• Dave Alexander

The Shaft

It was rock bottom for me. Overflowing with rage, I stumbled towards the freshly installed cable unit with my sledgehammer raised. Revenge was imminent. I was finally going to show AT&T who’s boss.


“Those things have a lot of electricity in ’em” shouted my electrician neighbor from across the yard. I collapsed on the grass trembling in frustration. Exhausted from the barrage of conflict over the past several weeks, I was having a breakdown. “Is revenge on AT&T worth dying for?” I pondered as flashbacks of my two month relationship with the cable company raced through my head. I faded from consciousness.

Our relationship had begun with so much hope and anticipation. I was finally getting over a tumultuous affair with Comcast and was ready for a fresh start. But things had soured quickly.


The internet didn’t work from day one. They wouldn’t fix it, but they wouldn’t let me out of my contract either. After 342 hours on the phone (mostly on hold), the cable stopped working, they over-billed me again, and the internet was still out.

Frustration and helplessness led me to dedicate an entire week to meeting with consumer attorneys. I told them I would devote unlimited time and money to do whatever it takes to bring justice to these bastards. Nobody would take my case.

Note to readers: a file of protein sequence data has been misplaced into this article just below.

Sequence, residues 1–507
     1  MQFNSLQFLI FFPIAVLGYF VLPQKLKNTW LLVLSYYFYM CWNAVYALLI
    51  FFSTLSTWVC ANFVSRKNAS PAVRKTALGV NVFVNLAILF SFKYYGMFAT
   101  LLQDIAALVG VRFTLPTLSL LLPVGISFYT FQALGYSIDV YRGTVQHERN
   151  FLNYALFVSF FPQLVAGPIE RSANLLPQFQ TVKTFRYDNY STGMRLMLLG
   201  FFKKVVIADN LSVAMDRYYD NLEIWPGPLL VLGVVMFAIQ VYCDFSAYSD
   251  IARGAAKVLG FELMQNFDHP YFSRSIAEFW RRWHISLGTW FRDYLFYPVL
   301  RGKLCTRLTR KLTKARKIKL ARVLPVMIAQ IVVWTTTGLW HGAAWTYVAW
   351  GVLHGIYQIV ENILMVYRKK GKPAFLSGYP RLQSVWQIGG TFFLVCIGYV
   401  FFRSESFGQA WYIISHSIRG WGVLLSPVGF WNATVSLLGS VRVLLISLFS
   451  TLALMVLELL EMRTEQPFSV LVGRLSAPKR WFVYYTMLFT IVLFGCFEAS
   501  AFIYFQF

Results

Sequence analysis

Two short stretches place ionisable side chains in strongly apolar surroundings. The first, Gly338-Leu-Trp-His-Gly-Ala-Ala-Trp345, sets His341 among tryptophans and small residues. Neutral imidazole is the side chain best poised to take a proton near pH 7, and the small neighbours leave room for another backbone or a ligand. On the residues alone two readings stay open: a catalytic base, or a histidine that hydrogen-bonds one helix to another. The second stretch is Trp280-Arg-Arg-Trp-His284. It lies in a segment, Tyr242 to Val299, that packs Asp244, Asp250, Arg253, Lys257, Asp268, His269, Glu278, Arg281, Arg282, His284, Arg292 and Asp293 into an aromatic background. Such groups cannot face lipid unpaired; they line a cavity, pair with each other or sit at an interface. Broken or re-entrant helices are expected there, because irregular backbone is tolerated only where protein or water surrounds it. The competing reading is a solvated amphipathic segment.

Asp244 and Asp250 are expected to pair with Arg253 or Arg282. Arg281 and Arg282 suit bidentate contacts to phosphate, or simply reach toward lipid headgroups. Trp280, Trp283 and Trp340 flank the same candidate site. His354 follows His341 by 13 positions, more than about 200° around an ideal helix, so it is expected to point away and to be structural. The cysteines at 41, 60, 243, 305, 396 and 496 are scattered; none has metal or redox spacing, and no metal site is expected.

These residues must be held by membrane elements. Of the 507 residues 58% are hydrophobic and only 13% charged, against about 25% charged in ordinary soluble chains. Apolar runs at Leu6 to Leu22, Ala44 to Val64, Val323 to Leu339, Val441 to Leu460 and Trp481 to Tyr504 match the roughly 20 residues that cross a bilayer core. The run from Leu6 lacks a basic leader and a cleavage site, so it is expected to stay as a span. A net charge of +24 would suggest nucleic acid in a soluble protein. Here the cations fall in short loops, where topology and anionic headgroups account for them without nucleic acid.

Armed with my phone, a 12-pack and a wide open Saturday afternoon, I hit speed dial to get AT&T back on the line. “This time I’m going to talk to a real manager,” I convinced myself.


It was about that time when the utility truck pulled up. With “on-hold” music streaming through my ear buds, I watched in disbelief as five muscular men pulled into the grass and unloaded their shovels. I was frozen as they dug a coffin-sized trench and then planted a giant green shaft right in the middle of my yard.

“Are you going to replace the grass?” was the only full sentence I was able to string together. “Someone else is in charge of that” mumbled one of the guys as he placed an AT&T sticker onto the shaft and drove away.


That was the point where I lost all control. I grabbed my sledgehammer. “The entire neighborhood is about to see me have a meltdown” was the last thought I remember before I woke up face-down in the yard. “Are you alright?” inquired a neighbor standing over me.


“Yes,” I said. “I had a beautiful dream. There was a white light, and then a bushy paradise appeared before me.” He looked shocked to see that all my anger and hatred had dissipated. I sprinted into the house to transcribe the dream.

The manifestation of what transpired that day can only be described as a miracle. Bushy Box was created the next day.



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